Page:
A physicist from north Wales who was recognised for his work on climate change has died with suspected coronavirus, his granddaughter said.
Sir John Houghton, from Denbighshire, died on Wednesday aged 88.
He accepted the 2007 Nobel Peace Prize on behalf of the Intergovernmental Panel on Climate Change (IPCC), which shared the honour with Al Gore.
Sir John spent his final years living by the sea in Wales, his granddaughter Hannah Malcolm said on Twitter.
She said it was her grandfather's "favourite place".
"He slowly lost a lot of memories and faculties to dementia, but the sea remained with him. A good life," she said.
John Houghton was born to strict Baptist parents in Dyserth North Wales and grew up in Rhyl, where his love for the sea and mountains began. There's a sculpture of him in Rhyl alongside Don Spendlove and Mike Peters, and my sister once got him to take a picture with it: pic.twitter.com/3zvU5pYpTz— Hannah Malcolm (@hannahmmalcolm) April 16, 2020
The Denbighshire-born climate change scientist, who described global warming as "a weapon of mass destruction", was co-chair of the IPCC when it shared the Nobel Peace Prize.
Sir John went to Rhyl Grammar School, where his dad taught.
He was so capable at physics he got the highest marks in Wales and won a scholarship for Oxford University aged just 16 years old, where he studied maths and physics.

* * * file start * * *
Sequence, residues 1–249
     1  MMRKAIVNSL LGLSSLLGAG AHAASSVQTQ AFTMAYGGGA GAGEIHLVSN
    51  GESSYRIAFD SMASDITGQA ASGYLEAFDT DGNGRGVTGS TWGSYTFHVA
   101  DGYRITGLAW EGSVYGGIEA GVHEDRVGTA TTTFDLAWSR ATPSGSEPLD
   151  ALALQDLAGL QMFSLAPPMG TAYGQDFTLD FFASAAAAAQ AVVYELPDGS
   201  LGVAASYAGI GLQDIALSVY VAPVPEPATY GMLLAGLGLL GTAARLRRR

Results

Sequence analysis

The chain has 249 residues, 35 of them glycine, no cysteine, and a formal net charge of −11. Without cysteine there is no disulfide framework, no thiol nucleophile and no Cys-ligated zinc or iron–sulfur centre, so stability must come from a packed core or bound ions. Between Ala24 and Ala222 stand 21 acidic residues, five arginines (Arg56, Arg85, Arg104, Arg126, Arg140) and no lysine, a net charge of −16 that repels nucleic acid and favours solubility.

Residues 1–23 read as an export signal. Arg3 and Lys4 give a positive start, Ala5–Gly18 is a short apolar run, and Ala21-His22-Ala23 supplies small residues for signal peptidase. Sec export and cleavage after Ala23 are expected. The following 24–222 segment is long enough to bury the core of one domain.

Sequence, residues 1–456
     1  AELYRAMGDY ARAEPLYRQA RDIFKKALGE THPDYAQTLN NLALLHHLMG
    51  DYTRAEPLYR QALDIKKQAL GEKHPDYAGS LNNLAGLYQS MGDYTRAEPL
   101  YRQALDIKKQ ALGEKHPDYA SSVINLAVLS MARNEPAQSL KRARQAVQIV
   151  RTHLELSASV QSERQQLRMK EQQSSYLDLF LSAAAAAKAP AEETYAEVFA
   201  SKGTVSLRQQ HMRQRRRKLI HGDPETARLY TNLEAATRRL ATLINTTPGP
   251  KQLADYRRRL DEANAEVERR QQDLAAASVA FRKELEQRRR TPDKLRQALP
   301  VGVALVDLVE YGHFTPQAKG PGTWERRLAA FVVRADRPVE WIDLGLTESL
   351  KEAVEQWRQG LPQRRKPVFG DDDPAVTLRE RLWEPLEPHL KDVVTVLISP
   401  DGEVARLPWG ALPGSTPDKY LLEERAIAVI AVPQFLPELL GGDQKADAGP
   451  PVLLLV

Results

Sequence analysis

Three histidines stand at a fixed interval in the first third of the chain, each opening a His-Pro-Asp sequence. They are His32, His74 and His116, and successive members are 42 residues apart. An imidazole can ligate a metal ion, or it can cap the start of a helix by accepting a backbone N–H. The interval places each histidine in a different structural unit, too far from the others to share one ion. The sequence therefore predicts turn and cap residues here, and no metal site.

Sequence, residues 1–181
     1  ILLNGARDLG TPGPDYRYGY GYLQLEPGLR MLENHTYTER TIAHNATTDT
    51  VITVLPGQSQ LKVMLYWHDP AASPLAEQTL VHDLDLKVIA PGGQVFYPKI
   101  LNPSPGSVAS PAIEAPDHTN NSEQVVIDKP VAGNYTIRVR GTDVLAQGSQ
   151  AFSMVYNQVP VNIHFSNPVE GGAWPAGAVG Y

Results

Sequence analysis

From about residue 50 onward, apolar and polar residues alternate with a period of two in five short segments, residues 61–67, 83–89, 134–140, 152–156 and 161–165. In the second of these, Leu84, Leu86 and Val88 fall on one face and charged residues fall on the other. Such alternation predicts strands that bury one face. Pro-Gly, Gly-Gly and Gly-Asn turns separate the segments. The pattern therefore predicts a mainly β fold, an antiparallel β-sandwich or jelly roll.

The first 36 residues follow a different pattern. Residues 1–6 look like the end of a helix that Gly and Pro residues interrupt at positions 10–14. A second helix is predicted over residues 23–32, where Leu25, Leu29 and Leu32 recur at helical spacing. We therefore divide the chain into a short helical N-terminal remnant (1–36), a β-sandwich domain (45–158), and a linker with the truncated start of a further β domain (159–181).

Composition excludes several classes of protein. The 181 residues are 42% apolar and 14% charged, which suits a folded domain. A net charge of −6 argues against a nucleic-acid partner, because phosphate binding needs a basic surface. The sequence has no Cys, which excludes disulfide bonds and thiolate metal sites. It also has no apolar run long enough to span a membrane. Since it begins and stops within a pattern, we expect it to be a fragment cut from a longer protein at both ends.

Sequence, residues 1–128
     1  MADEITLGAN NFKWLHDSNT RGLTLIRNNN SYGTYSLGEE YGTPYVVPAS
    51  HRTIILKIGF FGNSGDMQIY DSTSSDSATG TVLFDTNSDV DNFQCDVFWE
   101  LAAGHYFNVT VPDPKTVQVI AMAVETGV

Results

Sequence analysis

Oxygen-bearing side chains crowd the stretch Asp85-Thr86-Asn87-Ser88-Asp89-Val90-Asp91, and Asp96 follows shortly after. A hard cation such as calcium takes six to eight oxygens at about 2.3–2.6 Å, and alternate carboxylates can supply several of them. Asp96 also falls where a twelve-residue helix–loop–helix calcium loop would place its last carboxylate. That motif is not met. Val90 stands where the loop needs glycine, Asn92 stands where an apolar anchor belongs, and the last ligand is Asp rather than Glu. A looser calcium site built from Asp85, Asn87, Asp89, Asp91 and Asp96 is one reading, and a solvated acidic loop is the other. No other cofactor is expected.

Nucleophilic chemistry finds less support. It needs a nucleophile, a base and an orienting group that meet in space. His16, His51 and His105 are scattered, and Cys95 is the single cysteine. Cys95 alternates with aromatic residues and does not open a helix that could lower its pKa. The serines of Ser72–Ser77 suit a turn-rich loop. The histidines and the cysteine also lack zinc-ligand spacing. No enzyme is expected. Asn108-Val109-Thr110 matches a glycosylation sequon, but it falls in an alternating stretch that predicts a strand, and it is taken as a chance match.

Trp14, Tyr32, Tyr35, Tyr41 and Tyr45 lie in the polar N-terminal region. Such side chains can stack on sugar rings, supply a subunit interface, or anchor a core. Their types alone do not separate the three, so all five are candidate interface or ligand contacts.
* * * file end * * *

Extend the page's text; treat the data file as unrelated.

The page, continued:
In 1958 he became an Oxford professor, later becoming chair of the World Climate Research Programme.
Analysis by Roger Harrabin, BBC Environment Analyst
John Houghton was a towering figure in the world of climate science. He persuaded many politicians about the gravity of the risk we're taking with his calm, modest, authoritative manner.
As a Christian, in later years he took on the prickly challenge of persuading US evangelist preachers that humans really could influence the climate on earth.
He introduced me to the climate threat back in the late 1980s, and latterly I visited him in his Welsh home - heavily insulated, warmed by heat pump, with stupendous views over the ever-shifting Dovey estuary. A good man.
If you would like to pay tribute to Sir John, please tweet Roger Harrabin at: @rharrabin
Ms Malcolm wrote: "When I was younger, my consistent memory of him was warnings over the devastation waiting us if we didn't act on climate change.
"And I remember thinking how glad I was that scientists like him were in charge. But of course it isn't the scientists in charge.
"He faced a lifetime of lobbyists and corporations trying to undermine his work, question his motives, and distract from evidence.
"But my other consistent memory will be his deep faith that he was doing work in service of the God he loved, and in service of the world he loved."
As the director general of the UK Met Office, he and weatherman Michael Fish were blamed for the failure to predict the big storm that hit the south of England in 1987.